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Southwest Airlines is known for its low-cost domestic fares, free checked bags, and — admittedly — a somewhat unique boarding process. However, the airline’s Rapid Rewards program is another draw to the airline for some frequent travelers. The airline has no blackout dates for award redemptions and an awesome Companion Pass benefit for frequent fliers that allows a free companion on every single Southwest flight.

But if you’re new to Southwest or are just getting into the world of points and miles, don’t worry. In this article, we’ll walk through all of the ways you can redeem your Rapid Rewards points and highlight which tend to offer the best bang for your buck (or point). The good news is that it’s relatively simple, though there are a few quirks of which you need to be aware.

Let’s dive in!

Redeem on Southwest Flights

Redeeming Southwest Rapid Rewards points on Southwest flights is simple: the more a paid flight costs, the more points it costs. Southwest promises no blackout dates on any redemptions, so you can use your Rapid Rewards points to book any Southwest Airlines ticket for sale. If the flight has one open seat, it can be yours using points (though be prepared to pay up).

TPG values Southwest points at 1.5 cents per point. I performed my own research too and found that this valuation is very similar to the real-world redemption value of Rapid Rewards. To do this, I simply looked up the cash and points prices of four Southwest Wanna Get Away fare flights and calculated their cents per point rate.

Here are the four example flights I used:

  • Chicago-Midway (MDW) — New York-LaGuardia (LGA), April 12, 2019: $99 or 6,145 Rapid Rewards points (1.6 cents per point)
  • Newark (EWR) — Oakland (OAK), April 15, 2019: $137 or 8,902 Rapid Rewards points (1.5 cents per point)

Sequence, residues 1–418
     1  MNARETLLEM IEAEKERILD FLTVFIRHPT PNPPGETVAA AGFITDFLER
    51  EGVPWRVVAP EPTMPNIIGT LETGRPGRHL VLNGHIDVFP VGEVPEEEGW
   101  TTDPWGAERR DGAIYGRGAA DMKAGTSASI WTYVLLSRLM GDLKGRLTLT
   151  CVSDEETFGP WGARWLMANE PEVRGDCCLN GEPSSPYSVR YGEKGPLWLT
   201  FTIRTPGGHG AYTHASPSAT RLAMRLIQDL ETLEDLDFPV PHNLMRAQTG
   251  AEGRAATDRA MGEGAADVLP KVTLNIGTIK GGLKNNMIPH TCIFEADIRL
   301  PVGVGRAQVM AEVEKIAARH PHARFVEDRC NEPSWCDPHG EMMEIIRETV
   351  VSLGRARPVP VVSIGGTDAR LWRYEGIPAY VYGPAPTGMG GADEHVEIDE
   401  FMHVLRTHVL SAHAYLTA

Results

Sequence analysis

• Atlanta (ATL) — Nashville (BNA), July 15, 2019: $73 or 4,259 Rapid Rewards points (1.7 cents per point)
  • Chicago-Midway — Orlando (MCO), August 1, 2019: $119 or 7,596 Rapid Rewards points (1.55 cents per point)

Average value: 1.581 cents per point

This same award scheme holds true for international flights Southwest operates to Caribbean and Central American destinations like Aruba (AUA), Cancun (CUN) and San Jose, Costa Rica (SJO). The carrier is also working to launch flights to Hawaii later this year, though the government shutdown may delay that plan.

The booking process is quite simple. Fire up Southwest.com and enter your flight search parameters. Be sure to check the Points radio button at the top right to see the results for award flights:

The results page will then display all of the available flights using points. Simply select the one you want, log in to your account (if you haven’t already) and follow the on-screen steps to complete your award.

It’s worth noting that Anytime and Business Select fares can also be purchased using Rapid Rewards points, but you’re redemption value tends to be lower. As a result, we recommend sticking to redeeming for Wanna Get Away fares whenever possible.

Free Award Ticket Changes and Cancelations

Another thing that makes Rapid Rewards points so popular is Southwest’s flexible change and cancellation policies. You can change your Southwest flights for free and are only responsible for paying the cost difference between your original and new flight — if the cost of an award flight you’ve already booked goes down, you can actually rebook your trip at the lower rate and you’ll receive a refund of the difference. How cool is that!?

And if plans change and you cannot make a flight, you can cancel your flight for free. If the flight is booked with Rapid Rewards points, they will simply be refunded back to your account without penalty (even on Wanna Get Away fares), though note that you can’t simply no-show for the flight. You must cancel at least 10 minutes before the scheduled departure.

The Companion Pass Doubles the Value of Your Southwest Points